Strict Scrutiny Standard Applied for Reservation of Rights Letters


By: Joyce Mocek

The South Carolina Supreme Court recently addressed whether an insurer’s reservation of rights letter was adequate where a carrier was providing a defense in a claim and, adopting a strict scrutiny standard, found that the letters did not adequately explain to the insured how the policy provisions quoted in the letter applied to preclude coverage. Harleysville Group Insurance v. Heritage Communities, Inc., et al., 2017 S.C. LEXIS 8 (Jan.  11, 2017). To be a valid reservation of rights letter, the Court maintained that the letter needed to contain specificity on the reason for the reservation and be detailed and precise enough to explain to the insured why there might not be coverage under the policy. The Court advised that the letter should notify the insured of the potential for conflict, that the insurer might file a declaratory judgment action, and the potential of a special verdict for apportioning damages. Although the reservation of rights letter at issue included quoted verbatim policy language, the Court stated that “cutting and pasting” from a policy is not enough. Further, the Court held that the insurer did not sufficiently inform the insured how the exclusions referenced could result in an allocation between covered and noncovered damages, if the insurer decided to file a declaratory judgment action.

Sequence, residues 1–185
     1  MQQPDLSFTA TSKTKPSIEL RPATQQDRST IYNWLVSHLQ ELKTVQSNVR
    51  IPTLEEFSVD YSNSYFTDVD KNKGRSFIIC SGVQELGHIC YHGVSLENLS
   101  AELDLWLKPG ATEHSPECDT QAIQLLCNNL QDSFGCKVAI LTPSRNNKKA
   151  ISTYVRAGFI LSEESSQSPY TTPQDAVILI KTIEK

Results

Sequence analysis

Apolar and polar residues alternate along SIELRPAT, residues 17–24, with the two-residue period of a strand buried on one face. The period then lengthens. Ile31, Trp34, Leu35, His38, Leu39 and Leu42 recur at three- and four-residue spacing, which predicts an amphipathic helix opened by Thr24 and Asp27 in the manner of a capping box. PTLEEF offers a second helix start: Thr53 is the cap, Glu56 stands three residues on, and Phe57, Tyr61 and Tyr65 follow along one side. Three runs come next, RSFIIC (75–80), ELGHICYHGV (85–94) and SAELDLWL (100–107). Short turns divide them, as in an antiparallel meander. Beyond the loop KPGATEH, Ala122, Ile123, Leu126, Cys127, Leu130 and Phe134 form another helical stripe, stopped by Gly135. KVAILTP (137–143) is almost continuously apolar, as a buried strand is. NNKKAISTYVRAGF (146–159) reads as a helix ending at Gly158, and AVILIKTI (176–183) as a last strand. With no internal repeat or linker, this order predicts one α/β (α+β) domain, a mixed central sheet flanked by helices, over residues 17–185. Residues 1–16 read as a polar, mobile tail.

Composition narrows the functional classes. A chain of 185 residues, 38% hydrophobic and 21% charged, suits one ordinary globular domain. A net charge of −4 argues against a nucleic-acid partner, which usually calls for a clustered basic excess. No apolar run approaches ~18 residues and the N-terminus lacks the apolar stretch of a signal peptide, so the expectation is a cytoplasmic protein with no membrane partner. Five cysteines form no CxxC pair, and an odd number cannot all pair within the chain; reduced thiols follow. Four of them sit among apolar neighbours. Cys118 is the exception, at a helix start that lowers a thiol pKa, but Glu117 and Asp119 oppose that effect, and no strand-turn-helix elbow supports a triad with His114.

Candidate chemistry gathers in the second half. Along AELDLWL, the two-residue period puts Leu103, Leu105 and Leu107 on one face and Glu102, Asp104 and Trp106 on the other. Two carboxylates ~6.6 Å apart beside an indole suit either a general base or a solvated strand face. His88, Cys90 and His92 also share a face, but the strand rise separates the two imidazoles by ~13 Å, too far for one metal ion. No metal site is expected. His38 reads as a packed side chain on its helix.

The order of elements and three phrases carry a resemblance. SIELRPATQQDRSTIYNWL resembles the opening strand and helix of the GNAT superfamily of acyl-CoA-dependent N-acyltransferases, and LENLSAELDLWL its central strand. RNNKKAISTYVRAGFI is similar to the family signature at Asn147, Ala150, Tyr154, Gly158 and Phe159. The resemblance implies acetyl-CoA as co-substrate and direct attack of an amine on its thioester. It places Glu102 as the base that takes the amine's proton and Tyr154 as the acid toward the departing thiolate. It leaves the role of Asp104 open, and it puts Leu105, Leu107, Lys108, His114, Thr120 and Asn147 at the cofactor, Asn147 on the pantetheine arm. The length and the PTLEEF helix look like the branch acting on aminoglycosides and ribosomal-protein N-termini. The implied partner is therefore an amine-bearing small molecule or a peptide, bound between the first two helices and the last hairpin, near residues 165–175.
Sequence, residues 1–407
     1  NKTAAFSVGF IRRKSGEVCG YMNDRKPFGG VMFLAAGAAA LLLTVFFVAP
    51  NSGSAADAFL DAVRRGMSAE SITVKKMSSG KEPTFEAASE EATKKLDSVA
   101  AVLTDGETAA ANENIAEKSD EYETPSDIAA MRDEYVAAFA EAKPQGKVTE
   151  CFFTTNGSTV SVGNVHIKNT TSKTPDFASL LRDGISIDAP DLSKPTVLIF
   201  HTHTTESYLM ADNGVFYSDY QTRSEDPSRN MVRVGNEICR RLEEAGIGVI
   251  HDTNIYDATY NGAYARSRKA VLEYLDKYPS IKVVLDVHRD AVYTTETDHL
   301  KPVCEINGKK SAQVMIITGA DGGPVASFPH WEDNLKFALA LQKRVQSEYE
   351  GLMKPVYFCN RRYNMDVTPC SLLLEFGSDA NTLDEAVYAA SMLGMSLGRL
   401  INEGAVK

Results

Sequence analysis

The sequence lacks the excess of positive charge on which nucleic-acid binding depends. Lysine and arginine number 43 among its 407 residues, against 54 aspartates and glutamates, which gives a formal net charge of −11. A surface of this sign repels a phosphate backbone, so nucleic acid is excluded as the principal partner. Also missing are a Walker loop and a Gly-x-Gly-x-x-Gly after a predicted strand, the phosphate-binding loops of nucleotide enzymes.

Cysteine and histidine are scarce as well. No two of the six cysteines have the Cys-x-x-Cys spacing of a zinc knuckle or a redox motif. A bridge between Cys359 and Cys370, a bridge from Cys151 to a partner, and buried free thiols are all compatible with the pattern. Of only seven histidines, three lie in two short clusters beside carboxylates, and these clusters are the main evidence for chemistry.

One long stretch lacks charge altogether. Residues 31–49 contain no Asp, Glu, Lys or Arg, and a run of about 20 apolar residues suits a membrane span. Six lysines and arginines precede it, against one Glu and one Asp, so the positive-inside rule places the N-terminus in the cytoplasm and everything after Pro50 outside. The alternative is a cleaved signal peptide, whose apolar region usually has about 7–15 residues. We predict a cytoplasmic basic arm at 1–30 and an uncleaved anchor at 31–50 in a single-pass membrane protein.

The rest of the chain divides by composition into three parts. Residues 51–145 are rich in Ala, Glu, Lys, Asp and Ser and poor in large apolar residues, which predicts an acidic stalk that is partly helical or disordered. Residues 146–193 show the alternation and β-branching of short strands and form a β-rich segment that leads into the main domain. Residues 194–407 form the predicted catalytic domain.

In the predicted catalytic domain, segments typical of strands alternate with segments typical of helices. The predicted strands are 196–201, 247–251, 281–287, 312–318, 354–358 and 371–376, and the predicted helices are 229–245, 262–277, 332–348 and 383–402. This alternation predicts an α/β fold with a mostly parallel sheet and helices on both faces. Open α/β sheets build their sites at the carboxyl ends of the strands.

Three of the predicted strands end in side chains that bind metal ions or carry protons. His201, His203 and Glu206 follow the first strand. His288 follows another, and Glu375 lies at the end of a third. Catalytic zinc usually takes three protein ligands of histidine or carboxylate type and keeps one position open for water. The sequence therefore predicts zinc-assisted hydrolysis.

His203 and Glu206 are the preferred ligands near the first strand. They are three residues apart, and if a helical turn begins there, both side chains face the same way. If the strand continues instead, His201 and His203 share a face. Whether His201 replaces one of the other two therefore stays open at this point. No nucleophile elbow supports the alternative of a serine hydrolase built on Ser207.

The Court did not cite any specific South Carolina authority, rather it relied on decisions from other jurisdictions and maintained that the insurer’s letter was not sufficiently specific and precise. Although the claim at issue involved a construction defect claim, the decision did not appear to be limited to construction claims. Thus, it may have far reaching implications to liability insurers in South Carolina and potentially other jurisdictions reviewing reservation letters in all liability claims. The decision did not specify that it would only apply on future claims. As a result, insurers that have issued reservation of rights letters that pre date this decision may want to review the letters to determine whether they meet the requirements outlined in the Harlesyville decision and, if there is any concern, consider supplementing or amending the letters. 

For any questions, contact Joyce Mocek at